Ten Years Gone: Iraq And Afghanistan Veterans On What It All Meant

Sunday, November 11, 2018
By Paul Martin

by Kelley Beaucar Vlahos
ZeroHedge.com
Sun, 11/11/2018

A decade after the worst fighting overseas, five combat veterans put the Forever War and American civilian life into perspective…

Possibly the most poignant line of the 1984 breakout hit “19” by electronic musician Paul Hardcastle was the one it deliberately drove home with synthesized drumbeat repetition: “In World War II the average age of the combat soldier was 26. In Vietnam he was nineteen…nineteen.”

When this song hit the radio airwaves, much of the Vietnam veteran cohort—those who had seen the worst fighting in that war—had been home for a little more than a decade. They were in their early 30s now—building careers, raising families, and politically active. The war’s horrors and fallout began reemerging in national headlines and sympathetic Hollywood films, along with Agent Orange and PTSD. A page had turned, too, in the national consciousness. Americans were finally beginning to separate their anger at the government from the young men who fought its war. The mantra became internalized: never again.

“Never” did not mean never, of course, and 20 years after Hardcastle’s cult hit, Washington sent more than two million American men and women into wars of choice in Afghanistan and Iraq, with the heaviest fighting occurring between 2003 and 2010. Many of those veterans are now more than a decade home—building careers, raising families, politically active. On this Veterans Day, TAC asked five of its regular writers to tell us in their words how they’ve come to terms with their own service and what they think of American society as the wars continue quietly, indefinitely, and off the national radar.

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Daniel Sjursen, U.S. Army officer (retired), served combat tours in Baghdad (2006-07) and Kandahar (2011-12)

The 11th minute of the 11th hour of the 11th day of the 11th month, 1918. The guns fell silent along the trench lines of Northern France. Some nine million men had already died in that hopelessly absurd and unnecessary war—yet on that day, finally, an armistice was called. In the decades that followed, all the combatant nations celebrated November 11 as Armistice Day. The beauty of the old holiday was this: it celebrated peace, not war; it did not seek to glorify the fighting men per se, but to extol the merits of ending an irrational war. It was thought, back in those gloriously naive days, that perhaps the great wars were at last behind us.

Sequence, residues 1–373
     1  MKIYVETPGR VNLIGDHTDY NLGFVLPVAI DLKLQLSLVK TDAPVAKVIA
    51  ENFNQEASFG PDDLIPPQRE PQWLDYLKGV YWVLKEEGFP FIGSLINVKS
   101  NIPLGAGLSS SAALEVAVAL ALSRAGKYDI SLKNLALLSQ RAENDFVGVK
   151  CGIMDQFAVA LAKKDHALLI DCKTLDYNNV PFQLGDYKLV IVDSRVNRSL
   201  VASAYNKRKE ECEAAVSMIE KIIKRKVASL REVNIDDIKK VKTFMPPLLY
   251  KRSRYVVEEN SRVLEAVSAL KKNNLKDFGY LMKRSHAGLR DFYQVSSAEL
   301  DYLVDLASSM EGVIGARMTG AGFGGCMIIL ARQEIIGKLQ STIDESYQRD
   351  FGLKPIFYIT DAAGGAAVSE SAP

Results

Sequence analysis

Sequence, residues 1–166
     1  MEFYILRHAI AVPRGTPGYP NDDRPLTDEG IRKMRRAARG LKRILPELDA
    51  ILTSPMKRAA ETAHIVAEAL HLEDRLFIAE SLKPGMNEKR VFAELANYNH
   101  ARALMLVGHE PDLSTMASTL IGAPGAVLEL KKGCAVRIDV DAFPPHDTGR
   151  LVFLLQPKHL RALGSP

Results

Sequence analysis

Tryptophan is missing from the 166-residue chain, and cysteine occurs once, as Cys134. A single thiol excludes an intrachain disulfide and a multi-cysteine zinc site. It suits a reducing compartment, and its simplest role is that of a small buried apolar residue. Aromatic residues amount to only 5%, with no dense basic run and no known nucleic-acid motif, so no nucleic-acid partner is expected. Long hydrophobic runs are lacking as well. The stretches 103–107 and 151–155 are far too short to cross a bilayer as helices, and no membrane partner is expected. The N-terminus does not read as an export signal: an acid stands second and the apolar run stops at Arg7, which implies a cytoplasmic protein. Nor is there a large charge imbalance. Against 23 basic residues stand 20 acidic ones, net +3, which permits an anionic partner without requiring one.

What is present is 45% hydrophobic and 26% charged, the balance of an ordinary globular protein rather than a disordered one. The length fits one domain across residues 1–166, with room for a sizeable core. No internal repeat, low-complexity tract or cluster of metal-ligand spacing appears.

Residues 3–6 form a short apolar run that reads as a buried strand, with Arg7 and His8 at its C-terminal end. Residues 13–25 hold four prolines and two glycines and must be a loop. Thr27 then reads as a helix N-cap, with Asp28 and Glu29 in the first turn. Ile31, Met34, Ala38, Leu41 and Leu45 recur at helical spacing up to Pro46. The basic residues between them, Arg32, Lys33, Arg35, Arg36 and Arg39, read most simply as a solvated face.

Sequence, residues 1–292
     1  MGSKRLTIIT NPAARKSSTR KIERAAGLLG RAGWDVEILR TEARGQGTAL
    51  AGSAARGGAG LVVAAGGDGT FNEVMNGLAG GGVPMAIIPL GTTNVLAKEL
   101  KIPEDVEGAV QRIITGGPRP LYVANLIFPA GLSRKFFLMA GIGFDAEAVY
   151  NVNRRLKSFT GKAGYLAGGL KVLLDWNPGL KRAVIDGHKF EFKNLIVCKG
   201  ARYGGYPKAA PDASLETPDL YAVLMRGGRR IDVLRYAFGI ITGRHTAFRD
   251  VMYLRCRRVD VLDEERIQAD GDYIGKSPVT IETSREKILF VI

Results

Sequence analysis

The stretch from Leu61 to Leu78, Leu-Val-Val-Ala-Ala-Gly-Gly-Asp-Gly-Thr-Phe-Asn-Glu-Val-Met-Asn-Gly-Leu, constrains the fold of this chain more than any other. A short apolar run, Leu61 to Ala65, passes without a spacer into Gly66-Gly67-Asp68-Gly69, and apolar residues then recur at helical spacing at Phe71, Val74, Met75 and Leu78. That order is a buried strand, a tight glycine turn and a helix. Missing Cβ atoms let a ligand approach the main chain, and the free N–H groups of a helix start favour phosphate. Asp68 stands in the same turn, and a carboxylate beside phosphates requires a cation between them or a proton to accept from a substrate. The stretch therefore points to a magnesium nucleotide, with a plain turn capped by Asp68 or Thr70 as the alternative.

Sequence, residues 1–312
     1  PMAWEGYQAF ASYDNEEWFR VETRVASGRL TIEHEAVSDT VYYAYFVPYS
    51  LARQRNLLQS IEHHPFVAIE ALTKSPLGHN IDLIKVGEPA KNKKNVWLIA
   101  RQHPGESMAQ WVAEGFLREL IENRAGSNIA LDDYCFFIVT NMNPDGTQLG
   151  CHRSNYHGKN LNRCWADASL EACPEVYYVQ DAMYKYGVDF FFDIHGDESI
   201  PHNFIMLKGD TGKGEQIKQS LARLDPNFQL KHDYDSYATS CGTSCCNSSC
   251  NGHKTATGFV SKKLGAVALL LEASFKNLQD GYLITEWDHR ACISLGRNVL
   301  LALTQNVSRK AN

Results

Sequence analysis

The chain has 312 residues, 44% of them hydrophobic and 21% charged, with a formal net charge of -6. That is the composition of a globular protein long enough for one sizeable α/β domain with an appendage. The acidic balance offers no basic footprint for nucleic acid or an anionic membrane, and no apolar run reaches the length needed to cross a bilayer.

Of course they weren’t. The First World War led, soon enough, to the second, and, for Americans, on to Korea, Vietnam, and the Middle East. Recognizing the obsolescence of the old holiday, in 1954, President Dwight Eisenhower changed its name to Veterans Day. Though a realist at heart, I, as a veteran of a new generation of wars, still lament the sentiment and mourn the idealism of Armistice Day—if for no reason other than that my wars, the conflicts of the 21st century, may never end.

One hundred years after the guns fell silent on the Western Front, Veterans Day has morphed into yet another vacuous opportunity for the over-adulation of millions of veterans, without the least bit of actual contemplation on the nature of the wars they’ve been asked to fight. Nowadays, every NFL Sunday is little more than an excessive display of militarism, replete with fighter jets a flying and soldiers a marching—all surrounded by a stadium sized American flag. Observing these regular martial displays, one wonders if we even need a separate holiday for veterans anymore.

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